3. All questions on lecture content should be posted on the iLearn forum. We monitor the iLearn forum and will ensure all questions are answered correctly. If the answer to any unit-related question will benefit others, please post it on iLearn.

  4. Tutors: for questions about practical content. If you can ask questions throughout practical sessions, please do so as that way you will get a timely answer. Externals - please feel free to email us at any time - you also have access to teaching staff. 

  5. Unit convenor: questions about lecture content, organising alternative times for assessments or extensions, withdrawal and personal matters.

  6. Unexpected changes made during the unit will announced via the website so make sure you check iLearn regularly. 

Unit Schedule

The unit is taught via lectures, workshops/practicals, readings and assessment tasks. Class times and locations are at timetables.mq.edu.au/

While there will be much overlap, lectures 3-14 will focus on specific natural hazards, lectures 15 to 21 will focus on vulnerability to hazards, and lectures 22-23 will focus on understanding risk. 

Week 1. Lecture 1: Introduction and overview. Lecture 2: Hazard, vulnerability and risk. Practical: None.

Week 2. Lecture 3: Earthquakes. Lecture 4: Volcanic eruptions. Practical 1: Hazard and risk.

Week 3Lecture 5: Mass movements. Lecture 6: Convective storms. Practical 2: Earthquakes.

Week 4Lecture 7: Hail and tornados. Lecture 8: Tropical cyclones. Practical 3: Volcanic eruptions.

Week 5Lecture 9: Floods. Lecture 10: Coastal and oceanic hazards. Practical 4: Tropical cyclones.

Week 6Lecture 11: Tsunami. Lecture 12: ENSO and droughts. Practical 5: Floods.

Week 7Lecture 13: Heatwaves and bushfires. Lecture 14: Biohazards and pandemics. Practical 6: Tsunami.

Week 8: Labour day - no lecture. Lecture 15: Secondary and technological hazards. Practical 7: ENSO.

Week 9Lecture 16: Emergency management. Lecture 17: Building and infrastructure vulnerability. Practical 8: Bushfires.

Week 10Lecture 18: Community vulnerability. Lecture 19: Health and disasters. Practical 9: Pandemics.

Week 11Lecture 20: Economic and network impacts. Lecture 21: Global change. Practical 10: Disaster scenario.

Week 12Lecture 22: Modelling hazard and risk. Lecture 23: Mega-hazards. Practical: None.

Week 13Lecture 24: Revision. No second lecture. Practical: Exam revision drop-in.

Policies and Procedures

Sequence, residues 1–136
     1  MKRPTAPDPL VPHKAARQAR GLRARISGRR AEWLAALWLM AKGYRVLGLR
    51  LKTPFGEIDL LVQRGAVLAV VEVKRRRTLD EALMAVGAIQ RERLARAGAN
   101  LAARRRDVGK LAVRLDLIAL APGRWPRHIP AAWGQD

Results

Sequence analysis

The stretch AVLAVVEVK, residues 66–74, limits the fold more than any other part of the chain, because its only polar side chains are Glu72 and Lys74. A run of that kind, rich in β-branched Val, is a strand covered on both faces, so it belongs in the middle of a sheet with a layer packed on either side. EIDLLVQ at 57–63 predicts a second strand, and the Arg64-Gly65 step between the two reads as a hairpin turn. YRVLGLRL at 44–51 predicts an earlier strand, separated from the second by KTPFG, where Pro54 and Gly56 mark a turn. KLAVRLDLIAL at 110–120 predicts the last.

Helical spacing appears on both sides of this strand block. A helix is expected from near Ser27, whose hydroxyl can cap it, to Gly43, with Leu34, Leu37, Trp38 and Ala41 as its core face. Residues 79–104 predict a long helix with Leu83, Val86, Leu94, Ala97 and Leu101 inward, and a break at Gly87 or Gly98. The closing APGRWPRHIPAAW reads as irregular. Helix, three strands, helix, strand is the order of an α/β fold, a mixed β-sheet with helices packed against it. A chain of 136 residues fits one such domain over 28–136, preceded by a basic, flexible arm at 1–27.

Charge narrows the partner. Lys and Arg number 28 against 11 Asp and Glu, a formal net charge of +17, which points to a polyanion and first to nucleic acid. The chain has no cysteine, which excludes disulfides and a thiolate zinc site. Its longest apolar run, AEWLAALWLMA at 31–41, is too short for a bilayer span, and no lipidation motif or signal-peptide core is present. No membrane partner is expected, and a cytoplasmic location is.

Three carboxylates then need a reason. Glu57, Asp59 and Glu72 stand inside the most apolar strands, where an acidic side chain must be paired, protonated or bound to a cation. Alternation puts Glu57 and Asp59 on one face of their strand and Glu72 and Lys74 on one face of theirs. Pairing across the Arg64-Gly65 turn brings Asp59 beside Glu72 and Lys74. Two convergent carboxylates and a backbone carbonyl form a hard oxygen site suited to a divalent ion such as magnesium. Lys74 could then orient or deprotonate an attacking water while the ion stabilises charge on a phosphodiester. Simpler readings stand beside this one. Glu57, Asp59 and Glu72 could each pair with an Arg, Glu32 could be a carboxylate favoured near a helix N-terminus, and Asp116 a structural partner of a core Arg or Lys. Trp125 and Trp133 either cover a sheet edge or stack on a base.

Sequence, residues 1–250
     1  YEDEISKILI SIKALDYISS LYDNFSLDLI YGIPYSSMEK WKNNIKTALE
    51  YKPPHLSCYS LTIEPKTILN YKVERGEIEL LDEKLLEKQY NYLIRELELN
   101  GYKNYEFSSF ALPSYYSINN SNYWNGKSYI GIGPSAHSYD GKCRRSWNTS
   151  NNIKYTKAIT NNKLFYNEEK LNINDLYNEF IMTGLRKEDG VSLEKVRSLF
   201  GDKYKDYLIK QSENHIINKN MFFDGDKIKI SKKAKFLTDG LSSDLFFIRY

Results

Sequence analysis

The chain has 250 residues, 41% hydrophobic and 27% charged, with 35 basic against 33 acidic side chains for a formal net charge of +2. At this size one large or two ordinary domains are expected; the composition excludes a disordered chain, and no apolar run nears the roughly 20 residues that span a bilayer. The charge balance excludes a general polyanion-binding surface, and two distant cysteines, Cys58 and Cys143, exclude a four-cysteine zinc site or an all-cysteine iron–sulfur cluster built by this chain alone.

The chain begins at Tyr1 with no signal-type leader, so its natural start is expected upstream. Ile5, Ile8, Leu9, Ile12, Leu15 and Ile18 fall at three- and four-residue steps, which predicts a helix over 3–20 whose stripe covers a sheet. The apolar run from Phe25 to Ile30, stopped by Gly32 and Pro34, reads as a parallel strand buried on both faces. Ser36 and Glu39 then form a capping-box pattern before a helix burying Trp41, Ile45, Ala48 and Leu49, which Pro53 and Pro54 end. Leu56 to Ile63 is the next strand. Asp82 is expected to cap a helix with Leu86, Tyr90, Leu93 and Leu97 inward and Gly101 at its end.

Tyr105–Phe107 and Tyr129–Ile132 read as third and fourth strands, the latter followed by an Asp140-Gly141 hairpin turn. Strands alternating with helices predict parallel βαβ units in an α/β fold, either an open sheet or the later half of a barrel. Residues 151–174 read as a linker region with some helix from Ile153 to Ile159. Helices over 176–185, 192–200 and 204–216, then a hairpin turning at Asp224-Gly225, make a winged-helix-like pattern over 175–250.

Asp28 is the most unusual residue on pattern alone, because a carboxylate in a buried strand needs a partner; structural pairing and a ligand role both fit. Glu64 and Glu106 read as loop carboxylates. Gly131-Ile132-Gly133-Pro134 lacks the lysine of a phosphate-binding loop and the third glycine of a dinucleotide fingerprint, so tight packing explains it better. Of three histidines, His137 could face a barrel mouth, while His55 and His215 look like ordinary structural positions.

Macquarie University policies and procedures are accessible from Policy Central. Students should be aware of the following policies in particular with regard to Learning and Teaching:

Academic Honesty Policy http://mq.edu.au/policy/docs/academic_honesty/policy.html

Assessment Policy http://mq.edu.au/policy/docs/assessment/policy_2016.html

Grade Appeal Policy http://mq.edu.au/policy/docs/gradeappeal/policy.html

Complaint Management Procedure for Students and Members of the Public http://www.mq.edu.au/policy/docs/complaint_management/procedure.html​

Disruption to Studies Policy http://www.mq.edu.au/policy/docs/disruption_studies/policy.html The Disruption to Studies Policy is effective from March 3 2014 and replaces the Special Consideration Policy.

In addition, a number of other policies can be found in the Learning and Teaching Category of Policy Central.

Student Code of Conduct

Macquarie University students have a responsibility to be familiar with the Student Code of Conduct: https://students.mq.edu.au/support/student_conduct/

Results

Results shown in iLearn, or released directly by your Unit Convenor, are not confirmed as they are subject to final approval by the University. Once approved, final results will be sent to your student email address and will be made available in eStudent. For more information visit ask.mq.edu.au.

Student Support

Macquarie University provides a range of support services for students. For details, visit http://students.mq.edu.au/support/

Learning Skills

Learning Skills (mq.edu.au/learningskills) provides academic writing resources and study strategies to improve your marks and take control of your study.

Student Enquiry Service

For all student enquiries, visit Student Connect at ask.mq.edu.au

Equity Support

Students with a disability are encouraged to contact the Disability Service who can provide appropriate help with any issues that arise during their studies.

IT Help

For help with University computer systems and technology, visit http://www.mq.edu.au/about_us/offices_and_units/information_technology/help/

When using the University's IT, you must adhere to the Acceptable Use of IT Resources Policy. The policy applies to all who connect to the MQ network including students.

Graduate Capabilities

Discipline Specific Knowledge and Skills

Our graduates will take with them the intellectual development, depth and breadth of knowledge, scholarly understanding, and specific subject content in their chosen fields to make them competent and confident in their subject or profession. They will be able to demonstrate, where relevant, professional technical competence and meet professional standards. They will be able to articulate the structure of knowledge of their discipline, be able to adapt discipline-specific knowledge to novel situations, and be able to contribute from their discipline to inter-disciplinary solutions to problems.